Movie Review: The Beguiled

By Matthew Huntley

July 10, 2017

You'll eat your gruel and you'll like it!

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Just before seeing Sofia Coppola's The Beguiled, I happen to discover Donald Siegel's 1971 version, which starred Clint Eastwood as the conniving Civil War Union solider who's nursed back to health at a girls' boarding school, only to get more (or perhaps lose more) than he bargained for. Both adaptations are based on the novel by Thomas Cullinan, who wrote a blunt yet effective parable about the dangers of taking other people's emotions for granted and that suggested no human being, young or old, male or female, is immune to beguiling or being beguiled. We may believe ourselves mindful and decorous enough not to be deceived or turn wretched, but the truth is we're all susceptible to charm, vindictiveness and moral compromising. It's just a matter of whether we let these things destroy us.

Both Coppola and Siegel's movies are good but not quite great, a status that may have been especially difficult to achieve in this case given the underlying material is so blatant with regards to its themes and messages. However, if one places the two versions side by side, it becomes apparent a great movie could exist if it possessed the best qualities of each, because the style could overshadow the lack of substance. Perhaps in 30 years, if another filmmaker takes this into account and adapts Cullinan's novel a third time, it will really blow us away.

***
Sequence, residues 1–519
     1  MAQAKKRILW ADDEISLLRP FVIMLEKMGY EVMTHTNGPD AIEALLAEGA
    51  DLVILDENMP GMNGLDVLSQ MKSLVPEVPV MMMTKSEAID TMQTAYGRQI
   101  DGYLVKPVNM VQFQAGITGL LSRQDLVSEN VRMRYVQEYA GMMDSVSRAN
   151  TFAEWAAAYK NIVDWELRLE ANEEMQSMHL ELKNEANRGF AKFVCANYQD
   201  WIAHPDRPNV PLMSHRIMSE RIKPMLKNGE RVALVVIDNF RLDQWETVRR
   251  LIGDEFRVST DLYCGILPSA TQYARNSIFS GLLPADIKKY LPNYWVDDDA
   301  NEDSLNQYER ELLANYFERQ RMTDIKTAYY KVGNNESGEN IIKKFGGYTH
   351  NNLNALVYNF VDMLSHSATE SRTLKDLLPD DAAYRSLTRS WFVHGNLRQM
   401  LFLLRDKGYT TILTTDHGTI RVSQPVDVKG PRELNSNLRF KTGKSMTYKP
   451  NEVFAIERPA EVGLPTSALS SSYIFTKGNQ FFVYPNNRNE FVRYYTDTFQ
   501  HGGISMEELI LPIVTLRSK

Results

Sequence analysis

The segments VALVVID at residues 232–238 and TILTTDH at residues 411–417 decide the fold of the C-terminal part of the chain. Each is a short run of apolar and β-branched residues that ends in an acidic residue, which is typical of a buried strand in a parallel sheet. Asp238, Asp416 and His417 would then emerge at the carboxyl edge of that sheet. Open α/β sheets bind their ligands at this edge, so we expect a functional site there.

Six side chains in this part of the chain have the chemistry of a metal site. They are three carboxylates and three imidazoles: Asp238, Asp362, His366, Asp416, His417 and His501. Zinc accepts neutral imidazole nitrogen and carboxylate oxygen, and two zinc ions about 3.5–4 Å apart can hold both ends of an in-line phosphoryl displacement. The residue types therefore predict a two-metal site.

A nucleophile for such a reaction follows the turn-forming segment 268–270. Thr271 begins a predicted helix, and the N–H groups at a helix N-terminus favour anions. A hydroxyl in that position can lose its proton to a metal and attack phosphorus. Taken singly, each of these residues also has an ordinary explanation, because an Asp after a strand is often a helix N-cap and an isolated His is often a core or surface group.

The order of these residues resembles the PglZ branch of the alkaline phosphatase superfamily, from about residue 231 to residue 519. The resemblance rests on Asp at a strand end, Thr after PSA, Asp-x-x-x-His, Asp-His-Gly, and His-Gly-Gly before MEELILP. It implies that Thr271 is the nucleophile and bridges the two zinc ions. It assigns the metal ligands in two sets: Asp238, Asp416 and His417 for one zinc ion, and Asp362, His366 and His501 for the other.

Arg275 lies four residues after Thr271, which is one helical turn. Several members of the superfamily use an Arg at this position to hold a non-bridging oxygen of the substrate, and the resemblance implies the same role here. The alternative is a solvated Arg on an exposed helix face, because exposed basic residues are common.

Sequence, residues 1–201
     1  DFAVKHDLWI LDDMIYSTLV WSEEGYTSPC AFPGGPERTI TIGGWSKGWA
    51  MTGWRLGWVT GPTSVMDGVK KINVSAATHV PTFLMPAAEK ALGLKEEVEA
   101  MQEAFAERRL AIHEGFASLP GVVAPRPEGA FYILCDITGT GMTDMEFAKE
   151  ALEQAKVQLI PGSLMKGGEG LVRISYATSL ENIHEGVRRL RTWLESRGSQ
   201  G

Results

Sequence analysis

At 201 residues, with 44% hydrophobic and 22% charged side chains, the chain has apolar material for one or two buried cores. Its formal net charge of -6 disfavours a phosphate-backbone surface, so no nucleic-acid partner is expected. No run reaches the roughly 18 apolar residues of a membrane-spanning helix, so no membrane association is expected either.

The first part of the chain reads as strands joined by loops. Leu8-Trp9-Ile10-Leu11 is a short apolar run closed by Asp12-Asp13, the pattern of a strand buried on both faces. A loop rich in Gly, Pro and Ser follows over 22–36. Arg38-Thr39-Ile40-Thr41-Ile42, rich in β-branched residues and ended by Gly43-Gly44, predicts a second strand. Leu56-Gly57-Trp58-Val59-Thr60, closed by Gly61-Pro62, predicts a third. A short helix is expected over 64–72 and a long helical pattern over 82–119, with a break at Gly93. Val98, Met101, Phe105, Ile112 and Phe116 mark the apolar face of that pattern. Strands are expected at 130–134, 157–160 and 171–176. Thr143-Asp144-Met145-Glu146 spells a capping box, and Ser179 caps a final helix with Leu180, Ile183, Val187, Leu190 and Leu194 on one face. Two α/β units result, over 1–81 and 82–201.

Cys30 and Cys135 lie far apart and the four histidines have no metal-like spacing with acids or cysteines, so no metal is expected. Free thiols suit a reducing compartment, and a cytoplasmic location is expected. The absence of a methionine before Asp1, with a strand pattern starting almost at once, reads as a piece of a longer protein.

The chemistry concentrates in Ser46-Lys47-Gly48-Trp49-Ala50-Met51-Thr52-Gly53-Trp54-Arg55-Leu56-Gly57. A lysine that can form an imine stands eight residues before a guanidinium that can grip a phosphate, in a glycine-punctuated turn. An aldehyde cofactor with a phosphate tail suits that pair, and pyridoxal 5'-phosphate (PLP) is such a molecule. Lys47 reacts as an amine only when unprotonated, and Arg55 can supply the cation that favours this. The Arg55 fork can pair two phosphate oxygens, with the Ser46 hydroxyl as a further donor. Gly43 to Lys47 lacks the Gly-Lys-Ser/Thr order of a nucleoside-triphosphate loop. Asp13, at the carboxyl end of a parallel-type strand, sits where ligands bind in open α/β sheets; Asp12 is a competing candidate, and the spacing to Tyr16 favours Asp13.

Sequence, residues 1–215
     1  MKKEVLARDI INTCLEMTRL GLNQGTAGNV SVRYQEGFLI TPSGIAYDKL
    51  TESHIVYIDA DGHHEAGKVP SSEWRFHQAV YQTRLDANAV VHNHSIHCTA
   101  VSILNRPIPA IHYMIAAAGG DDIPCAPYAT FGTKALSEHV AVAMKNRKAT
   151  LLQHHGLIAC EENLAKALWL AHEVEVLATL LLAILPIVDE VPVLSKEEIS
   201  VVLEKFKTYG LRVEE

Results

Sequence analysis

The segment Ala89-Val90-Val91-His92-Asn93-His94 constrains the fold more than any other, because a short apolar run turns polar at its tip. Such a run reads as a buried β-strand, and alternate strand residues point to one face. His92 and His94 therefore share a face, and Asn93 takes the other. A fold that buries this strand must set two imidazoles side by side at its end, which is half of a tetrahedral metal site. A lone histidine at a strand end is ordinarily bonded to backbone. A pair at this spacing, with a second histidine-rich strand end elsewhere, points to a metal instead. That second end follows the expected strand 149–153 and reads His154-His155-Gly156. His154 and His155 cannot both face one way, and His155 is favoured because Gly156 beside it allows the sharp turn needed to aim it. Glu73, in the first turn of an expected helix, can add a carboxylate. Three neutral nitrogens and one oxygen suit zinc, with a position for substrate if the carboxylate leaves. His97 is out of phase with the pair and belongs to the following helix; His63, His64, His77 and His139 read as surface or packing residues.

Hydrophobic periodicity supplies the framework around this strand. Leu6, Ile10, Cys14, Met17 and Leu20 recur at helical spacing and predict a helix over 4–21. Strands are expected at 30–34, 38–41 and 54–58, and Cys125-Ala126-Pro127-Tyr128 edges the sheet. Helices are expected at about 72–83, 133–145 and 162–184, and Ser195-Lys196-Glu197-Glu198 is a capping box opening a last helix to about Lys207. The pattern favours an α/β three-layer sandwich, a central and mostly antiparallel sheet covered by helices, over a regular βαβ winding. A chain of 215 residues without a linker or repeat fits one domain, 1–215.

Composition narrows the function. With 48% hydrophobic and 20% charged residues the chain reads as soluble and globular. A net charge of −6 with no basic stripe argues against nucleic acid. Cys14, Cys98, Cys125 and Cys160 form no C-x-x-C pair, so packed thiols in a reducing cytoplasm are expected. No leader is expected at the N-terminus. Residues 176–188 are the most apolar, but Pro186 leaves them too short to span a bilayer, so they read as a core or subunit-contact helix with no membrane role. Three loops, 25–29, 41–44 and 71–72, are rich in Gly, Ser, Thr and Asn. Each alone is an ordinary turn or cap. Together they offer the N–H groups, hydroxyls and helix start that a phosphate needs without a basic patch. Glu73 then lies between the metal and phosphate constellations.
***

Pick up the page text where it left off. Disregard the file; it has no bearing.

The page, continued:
In the meantime, Coppola's film still serves as a rich and hypnotic experience. It puts us in state of constant unease as its imagery and soundtrack, or lack thereof, create an atmosphere that's both beautiful and deceptive. These characteristics also apply to Miss Martha's Seminary for Young Ladies, a boarding school nestled deep in the woods of Virginia. Not far from here is where the school's youngest student, Amy (Oona Laurence), while picking mushrooms, discovers Corporal John McBurney (Colin Farrell), a Yankee soldier with a broken leg. Amy helps him back to the school grounds, where Miss Martha (Nicole Kidman), the school's owner and headmistress, is convinced by the students and staff it's their Christian duty to watch over this man, even though he's the “enemy” since he fights for the North.


Almost immediately, each of the female characters, particularly the prudent teacher Edwina (Kirsten Dunst) and sensual student Alicia (Elle Fanning), are infatuated with their new patient and secretly compete for his love and affection. This includes Miss Martha herself, who, like the others, is probably attracted to McBurney because he's the first man she's touched in such a long time (it's four years into the Civil War and most of the country's men are either fighting or dead). That, and the fact McBurney is injured and immobile, and therefore vulnerable, allows these women to feel like they're in control of a man for once, a feeling most women of this era didn't often experience.

Even though it's clear what's happening on-screen, Coppola's methods for bringing this somewhat simple story to life still manage to mesmerize us, although perhaps most of the credit belongs to cinematographer Philippe Le Sourd and sound designer Richard Beggs. Collectively, the look and sound of this film are beguiling in and of themselves, creating an oblique veil under which these characters live and behave. On the surface, they appear and speak innocently, but deep down each is secretly human, which is to say they possess dark, sinister thoughts and lustful feelings, and this being the 19th century, nobody really talked about their sexual urges, especially women.

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